Emerging Artists Exhibition Brochure

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Louis Appleby Liz Ford Maggie Hargreaves

Artificial Landscapes Exhibition of the Emerging Artists Programme Brewery Arts Centre, Kendal 1 May - 15 June 2015

Empty Room

Louis Appleby

Richard Foster

Chief Executive, Brewery Arts Centre

We are delighted to welcome you to Artificial Landscapes, the exhibition which marks the completion of the Brewery’s first Emerging Artist’s Programme for Visual Artists at the Brewery. Working with partners Castlefield Gallery has been an exciting experience, challenging the organisation as well as the artists themselves in how it seeks to develop the careers of new artists, especially in a rural location. Alongside the visual arts programme, the Brewery has also been piloting a programme of support for performing artists at the start of their professional career, working with our Youth Arts department. I believe the Brewery is now well placed to continue its work with emerging artists into the future and we hope you enjoy the fruits of this first remarkable programme.

Global Warming on the TV

Power Country

Louis Appleby

Liz Ford The view from Newbarns beach is a favourite location and a great place to paint out of doors. Whitbarrow Scar undulates on the far shore with more distant hills disappearing into the far horizon. The mysterious waters and currents of Morecambe bay beckon from the near shore’s grassy banks. Newbarns to Whitbarrow

This painting depicts the walk from from Far Arnside to Newbarns with its many views of the bay shrouded by trees. However, perhaps all is not as it should be - the rising trees in the immediate foreground of this painting have been ‘borrowed’ from Derwent Water.

Kwong Lee

Director, Castlefield Gallery

Castlefield Gallery is delighted to be involved in The Brewery Arts Centre’s Emerging Artists Programme (EAP) 2014-15, from being part of the panel of the Open Up North competition, to creating a bespoke series of artist development events for EAP artists and mentoring sessions for the three selected mentees. The events we programmed have brought in a number of professionals and artists working in contemporary art to share their expertise on selforganisation and marketing; how to work with curators and commercial galleries; and how to gain resources such as funding and other development opportunities. We organised the events to take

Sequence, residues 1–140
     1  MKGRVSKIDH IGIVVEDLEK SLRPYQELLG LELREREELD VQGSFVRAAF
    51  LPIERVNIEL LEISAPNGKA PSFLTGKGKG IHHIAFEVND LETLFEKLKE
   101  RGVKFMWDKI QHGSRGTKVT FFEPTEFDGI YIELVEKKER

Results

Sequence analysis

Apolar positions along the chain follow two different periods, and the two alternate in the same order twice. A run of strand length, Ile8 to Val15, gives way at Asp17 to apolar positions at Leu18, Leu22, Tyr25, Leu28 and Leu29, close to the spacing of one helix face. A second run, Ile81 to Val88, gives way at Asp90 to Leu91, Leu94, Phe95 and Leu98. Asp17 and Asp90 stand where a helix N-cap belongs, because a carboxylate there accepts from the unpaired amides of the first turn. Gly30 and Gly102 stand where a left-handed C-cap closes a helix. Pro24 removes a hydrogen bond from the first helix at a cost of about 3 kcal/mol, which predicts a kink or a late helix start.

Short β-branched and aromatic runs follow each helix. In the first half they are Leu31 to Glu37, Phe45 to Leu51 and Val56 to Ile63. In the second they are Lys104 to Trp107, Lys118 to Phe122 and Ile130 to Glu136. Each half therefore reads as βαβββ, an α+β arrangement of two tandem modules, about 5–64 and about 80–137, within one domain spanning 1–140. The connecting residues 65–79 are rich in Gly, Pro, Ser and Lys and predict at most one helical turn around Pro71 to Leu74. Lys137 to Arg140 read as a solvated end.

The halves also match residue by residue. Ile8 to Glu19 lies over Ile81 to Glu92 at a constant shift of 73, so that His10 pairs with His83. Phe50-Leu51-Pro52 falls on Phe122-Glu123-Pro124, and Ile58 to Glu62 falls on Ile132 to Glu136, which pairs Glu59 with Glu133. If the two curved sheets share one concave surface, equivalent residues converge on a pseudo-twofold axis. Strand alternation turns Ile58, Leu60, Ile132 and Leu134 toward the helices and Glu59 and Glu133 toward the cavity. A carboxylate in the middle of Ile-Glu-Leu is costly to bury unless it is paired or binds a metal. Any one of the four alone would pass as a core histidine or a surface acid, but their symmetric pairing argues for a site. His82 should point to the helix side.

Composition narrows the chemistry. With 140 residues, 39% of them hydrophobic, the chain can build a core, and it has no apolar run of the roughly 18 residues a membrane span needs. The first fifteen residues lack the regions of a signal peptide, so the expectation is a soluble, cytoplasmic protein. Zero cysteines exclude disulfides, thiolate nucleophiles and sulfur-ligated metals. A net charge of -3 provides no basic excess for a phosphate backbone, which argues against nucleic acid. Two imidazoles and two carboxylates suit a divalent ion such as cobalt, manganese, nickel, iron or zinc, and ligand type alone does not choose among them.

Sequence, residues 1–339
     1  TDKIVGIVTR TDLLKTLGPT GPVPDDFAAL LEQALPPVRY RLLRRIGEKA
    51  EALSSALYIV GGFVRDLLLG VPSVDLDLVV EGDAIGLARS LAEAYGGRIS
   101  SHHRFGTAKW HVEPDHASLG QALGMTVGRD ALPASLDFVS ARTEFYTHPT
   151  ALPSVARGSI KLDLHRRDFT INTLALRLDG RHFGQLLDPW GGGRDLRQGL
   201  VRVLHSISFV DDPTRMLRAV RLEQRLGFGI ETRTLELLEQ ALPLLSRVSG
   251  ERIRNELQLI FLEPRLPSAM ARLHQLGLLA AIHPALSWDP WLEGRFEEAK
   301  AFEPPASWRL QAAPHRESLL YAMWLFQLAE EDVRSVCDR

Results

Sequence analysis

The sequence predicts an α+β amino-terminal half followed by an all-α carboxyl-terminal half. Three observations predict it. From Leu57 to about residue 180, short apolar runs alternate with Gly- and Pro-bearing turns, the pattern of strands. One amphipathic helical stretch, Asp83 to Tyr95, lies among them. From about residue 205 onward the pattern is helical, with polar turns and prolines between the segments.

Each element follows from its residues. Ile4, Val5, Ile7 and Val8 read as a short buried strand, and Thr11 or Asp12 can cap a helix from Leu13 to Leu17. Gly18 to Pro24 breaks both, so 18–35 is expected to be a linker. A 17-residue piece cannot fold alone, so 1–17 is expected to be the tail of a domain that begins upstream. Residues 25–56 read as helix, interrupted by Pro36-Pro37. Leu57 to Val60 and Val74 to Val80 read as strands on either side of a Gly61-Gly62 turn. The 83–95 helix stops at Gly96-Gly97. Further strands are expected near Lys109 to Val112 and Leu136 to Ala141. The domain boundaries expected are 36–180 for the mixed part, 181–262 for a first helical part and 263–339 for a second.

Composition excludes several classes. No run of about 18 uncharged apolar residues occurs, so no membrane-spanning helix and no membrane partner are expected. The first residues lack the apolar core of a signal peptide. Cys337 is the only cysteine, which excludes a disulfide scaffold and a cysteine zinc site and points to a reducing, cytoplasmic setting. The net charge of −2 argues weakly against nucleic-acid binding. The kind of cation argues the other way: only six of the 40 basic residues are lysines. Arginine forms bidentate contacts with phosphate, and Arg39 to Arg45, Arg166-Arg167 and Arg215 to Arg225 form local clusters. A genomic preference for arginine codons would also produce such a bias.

place in Liverpool, Manchester and Kendal to encourage the artist’s awareness of the art ecosystem across the North West, as each event has also included informal tours of selected art venues relevant to emerging artists. It has been a pleasure to work with the three mentored artists who have different backgrounds and needs. Starting with studio visits with Louis Appleby, Liz Ford and Maggie Hargreaves, we have been in regular contact to respond to their specific ambitions, and provide a mixture of critical feedback on their work and practical advice on their development as artists.

Heysham in Perspective 2

The contrasts between the town and the hillside and the segments/layers of time and history. The hills and castle rising above the town centre; its town hall nestling yet rising to the sky. Then up the other side of the hill with the chimneys and air conditioning conduits. Capturing man’s hand throughout the painting.

Scout Scar is a favourite location and has inspired a good number of my paintings. The title of ‘Heysham in Perspective’ seems appropriate both in terms of tackling the vastness of Lyth Valley, and that, there in the far distance, innocently sits the power station.

Liz Ford

Kendal Town Hall

The painting of Kendal town hall was an image I captured whilst wandering up and down the winding streets and yards of Kendal. It summed up my first experiences of looking at the town when I moved to Kendal in 2008.

Maggie Hargreaves Print The delicate prints combine photo-etching and soft ground etching processes to re-present photographic and natural materials together.

Assortment 1

Scale is manipulated so that people and the other species represented are of equal importance, co-existing in a web of forms floating on the picture plane.

Jamie Barnes Funders Esmée Fairbairn Foundation is delighted to be supporting Brewery Art Centre’s Open Up North Emerging Artists Programme, showcasing emerging Northern talent and strengthening the visual arts in Cumbria. We hope that by supporting these types of initiative, artists in all parts of the UK will be able to find the opportunities to make long term and sustainable contributions to the cultural life of their area.